Unfortunately, it’s hard for employers not to feel a twinge of pain when reports show that over half of them overpay for workers’ compensation insurance by 15% to 50% due to unnecessary surcharges.
It’s an enormous drain on employers’ bottom lines, which often goes unnoticed (or improperly addressed) and is regularly swept under the rug by insurance carriers at renewal time.
So where do surcharges come from? Right off the bat, work comp surcharges arise when the Experience Modification Factorincreases, often unnecessarily. This Experience Modification Factor, commonly known as an “e-mod” by insurance professionals, is an extremely important factor used by carriers to adjust workers’ compensation premiums. Every company has an e-mod, unless they self-insure their work comp insurance.
The e-mod is a crucial benchmark that employers and their insurance agent need to pay attention to as it has a significant impact on the company’s work comp premiums. The bad news? It often goes unmanaged at the carrier level. And this mismanagement means huge surcharges.
While commonly managed in the construction trades (because general contractors tend to frown upon hiring companies with a bad e-mod), e-mods on the whole go relatively unaddressed in other industries. Agents need to make sure their employer clients know where their e-mod stands, as this all-important injury barometer has the single largest impact on their work comp premiums. Bottom line: What they don’t know will hurt them.
It works like this: The e-mod is nothing more than a numerical expression of a company’s accident and injury record compared with the average for that particular employers’ industry. In other words, if a company is the leading manufacturer of widgets, then they get a score and are ranked among other companies that manufacture widgets.
The better their results, the better their score and the less they pay for insurance. The worse the results, the worse their score and the more they pay for insurance. For example, let’s look at the hypothetical results of three similarly situated companies.
All three of these companies have the…
• Same insurance company
• Same payroll
• Same types of employees
• Performing the same work
And yet all three companies pay vastly different work comp premiums due to their e-mod surcharge status.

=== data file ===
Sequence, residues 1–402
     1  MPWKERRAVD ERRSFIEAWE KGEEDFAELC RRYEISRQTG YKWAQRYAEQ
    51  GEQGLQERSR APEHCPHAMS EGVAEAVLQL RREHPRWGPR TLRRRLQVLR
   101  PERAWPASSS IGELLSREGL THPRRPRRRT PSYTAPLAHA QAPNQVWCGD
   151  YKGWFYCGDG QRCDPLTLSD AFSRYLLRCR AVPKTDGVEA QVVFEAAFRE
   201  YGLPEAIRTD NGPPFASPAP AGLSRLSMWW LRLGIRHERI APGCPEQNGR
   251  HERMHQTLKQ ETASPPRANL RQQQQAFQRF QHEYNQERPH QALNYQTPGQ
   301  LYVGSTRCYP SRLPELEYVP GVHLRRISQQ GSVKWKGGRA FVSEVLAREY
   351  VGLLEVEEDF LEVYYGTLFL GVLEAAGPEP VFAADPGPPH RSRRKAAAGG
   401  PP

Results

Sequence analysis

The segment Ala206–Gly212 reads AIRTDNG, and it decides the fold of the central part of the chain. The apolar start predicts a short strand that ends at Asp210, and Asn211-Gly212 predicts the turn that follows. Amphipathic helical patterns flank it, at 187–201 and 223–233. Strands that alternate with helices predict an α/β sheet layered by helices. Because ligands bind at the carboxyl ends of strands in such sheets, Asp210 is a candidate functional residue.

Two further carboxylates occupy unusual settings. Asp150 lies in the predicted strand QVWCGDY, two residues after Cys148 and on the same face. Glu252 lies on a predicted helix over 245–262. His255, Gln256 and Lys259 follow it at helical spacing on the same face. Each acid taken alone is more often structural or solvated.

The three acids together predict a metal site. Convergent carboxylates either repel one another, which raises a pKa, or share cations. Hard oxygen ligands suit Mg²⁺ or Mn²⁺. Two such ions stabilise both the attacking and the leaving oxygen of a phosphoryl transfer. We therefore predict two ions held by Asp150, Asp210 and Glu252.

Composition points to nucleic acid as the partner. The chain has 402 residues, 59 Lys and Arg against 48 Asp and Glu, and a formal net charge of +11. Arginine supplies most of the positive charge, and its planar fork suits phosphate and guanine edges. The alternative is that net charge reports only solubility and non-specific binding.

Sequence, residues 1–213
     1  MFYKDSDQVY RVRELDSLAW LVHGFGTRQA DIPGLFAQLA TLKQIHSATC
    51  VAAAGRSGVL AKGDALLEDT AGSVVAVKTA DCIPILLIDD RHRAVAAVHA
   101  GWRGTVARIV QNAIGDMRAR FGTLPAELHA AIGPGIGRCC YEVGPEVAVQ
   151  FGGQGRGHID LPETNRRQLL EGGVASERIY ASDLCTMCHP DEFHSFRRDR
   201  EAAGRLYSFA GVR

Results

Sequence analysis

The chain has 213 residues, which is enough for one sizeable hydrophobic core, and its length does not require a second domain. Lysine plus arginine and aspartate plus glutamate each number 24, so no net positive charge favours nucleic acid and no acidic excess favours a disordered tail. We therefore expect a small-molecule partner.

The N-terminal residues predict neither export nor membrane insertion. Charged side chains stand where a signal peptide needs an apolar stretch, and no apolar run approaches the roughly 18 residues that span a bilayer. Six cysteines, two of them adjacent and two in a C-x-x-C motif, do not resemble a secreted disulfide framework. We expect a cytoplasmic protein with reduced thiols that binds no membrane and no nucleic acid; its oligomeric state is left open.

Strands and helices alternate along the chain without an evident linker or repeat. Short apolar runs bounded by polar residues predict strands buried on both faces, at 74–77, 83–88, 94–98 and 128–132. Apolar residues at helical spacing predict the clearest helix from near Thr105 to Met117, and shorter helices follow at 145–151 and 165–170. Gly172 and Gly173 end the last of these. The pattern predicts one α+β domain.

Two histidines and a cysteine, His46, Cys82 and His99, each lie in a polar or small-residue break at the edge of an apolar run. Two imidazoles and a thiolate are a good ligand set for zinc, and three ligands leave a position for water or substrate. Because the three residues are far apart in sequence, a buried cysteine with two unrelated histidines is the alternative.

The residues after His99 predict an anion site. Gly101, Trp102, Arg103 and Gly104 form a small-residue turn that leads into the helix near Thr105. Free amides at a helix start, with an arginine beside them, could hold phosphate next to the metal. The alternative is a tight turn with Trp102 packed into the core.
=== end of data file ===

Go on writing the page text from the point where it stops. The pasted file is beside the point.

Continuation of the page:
- Company A has an e-mod of .75, which means they’ve implemented best-in-class work comp surcharge controls. They pay $45,000 annually for their work comp insurance, and certainly much less than their direct competitors.
- Company B has an e-mod of 1.00 which means this company has implemented some, yet not all work comp surcharge controls. As a result, this company pays $11,250 more than Company A, a 25% surcharge more than their direct competitor.
- Company C has an e-mod of 1.25 meaning they are paying 25% more than Company B and a full 50% more than Company A. You can practically feel the pain.
The all-important questions for your employer clients would be:
• Which company – A, B or C – would you be when compared against your competitors?
• Do you know your e-mod score and why it is that way?
• How long has your e-mod been inflated?
These are all questions you should seek an answer to for your clients if you don’t know already. Stay in the dark and your client is sure to bump into higher premiums.
Data used to determine scores often incorrect
The data used to generate a company’s e-mod score spans over a three-year period, and there are many “hands in the cookie jar” at the insurance company level responsible for data that ends up being used to calculate the e-mod. Unfortunately, this information is regularly incorrect and rarely gets audited by insurance companies. The problem being the insurance companies do not do the calculation themselves and it is actually done by an outside organization.
All this being said, how confident are your employer clients that their e-mod score is correct? When was the last time you or your client looked into whether or not the data used to calculate their e-mod was up-to-date and correct? If you’re not looking into this as the agent, don’t assume the insurance carrier or the client is, either. Odds are the client is getting an inflated score that they do not deserve.
What can you do about it?
The best way to stay on top of things is not to get lulled to sleep by an average e-mod score. Your client should know the lowest possible (lower is better) score available and continually strive for it. Driving the e-mod down to its minimum is the most profitable way to slash work comp surcharges. But first you and your client need to know what their current e-mod score is and the status of their current surcharge. If you don’t, the odds are that the client is leaving significant dollars on the table.
Dustin Boss is a Certified Risk Architect and Insurance Agent with Ottawa Kent. He designs, builds and implements risk management systems for companies without the luxury of a full-time risk manager on staff. He can be reached at 616.457.1320 and [email protected]